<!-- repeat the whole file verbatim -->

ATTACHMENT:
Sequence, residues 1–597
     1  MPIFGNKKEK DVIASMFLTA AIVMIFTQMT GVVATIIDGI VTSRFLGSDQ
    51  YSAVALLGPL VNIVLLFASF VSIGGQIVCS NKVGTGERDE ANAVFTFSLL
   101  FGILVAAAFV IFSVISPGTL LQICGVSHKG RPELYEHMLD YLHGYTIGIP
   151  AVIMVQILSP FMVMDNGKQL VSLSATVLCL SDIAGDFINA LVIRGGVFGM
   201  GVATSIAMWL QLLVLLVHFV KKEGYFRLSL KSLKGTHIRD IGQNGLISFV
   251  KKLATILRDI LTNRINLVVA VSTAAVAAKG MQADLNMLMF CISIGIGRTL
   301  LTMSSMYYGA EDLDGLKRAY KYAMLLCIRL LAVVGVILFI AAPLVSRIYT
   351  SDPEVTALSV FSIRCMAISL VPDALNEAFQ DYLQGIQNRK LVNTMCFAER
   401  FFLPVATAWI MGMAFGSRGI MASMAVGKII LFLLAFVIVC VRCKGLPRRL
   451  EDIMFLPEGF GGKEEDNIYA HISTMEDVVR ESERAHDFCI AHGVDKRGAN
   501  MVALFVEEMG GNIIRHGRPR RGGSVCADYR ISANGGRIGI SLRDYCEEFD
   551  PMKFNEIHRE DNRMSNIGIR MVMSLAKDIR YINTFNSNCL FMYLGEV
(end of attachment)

Sequence, residues 1–597
     1  MPIFGNKKEK DVIASMFLTA AIVMIFTQMT GVVATIIDGI VTSRFLGSDQ
    51  YSAVALLGPL VNIVLLFASF VSIGGQIVCS NKVGTGERDE ANAVFTFSLL
   101  FGILVAAAFV IFSVISPGTL LQICGVSHKG RPELYEHMLD YLHGYTIGIP
   151  AVIMVQILSP FMVMDNGKQL VSLSATVLCL SDIAGDFINA LVIRGGVFGM
   201  GVATSIAMWL QLLVLLVHFV KKEGYFRLSL KSLKGTHIRD IGQNGLISFV
   251  KKLATILRDI LTNRINLVVA VSTAAVAAKG MQADLNMLMF CISIGIGRTL
   301  LTMSSMYYGA EDLDGLKRAY KYAMLLCIRL LAVVGVILFI AAPLVSRIYT
   351  SDPEVTALSV FSIRCMAISL VPDALNEAFQ DYLQGIQNRK LVNTMCFAER
   401  FFLPVATAWI MGMAFGSRGI MASMAVGKII LFLLAFVIVC VRCKGLPRRL
   451  EDIMFLPEGF GGKEEDNIYA HISTMEDVVR ESERAHDFCI AHGVDKRGAN
   501  MVALFVEEMG GNIIRHGRPR RGGSVCADYR ISANGGRIGI SLRDYCEEFD
   551  PMKFNEIHRE DNRMSNIGIR MVMSLAKDIR YINTFNSNCL FMYLGEV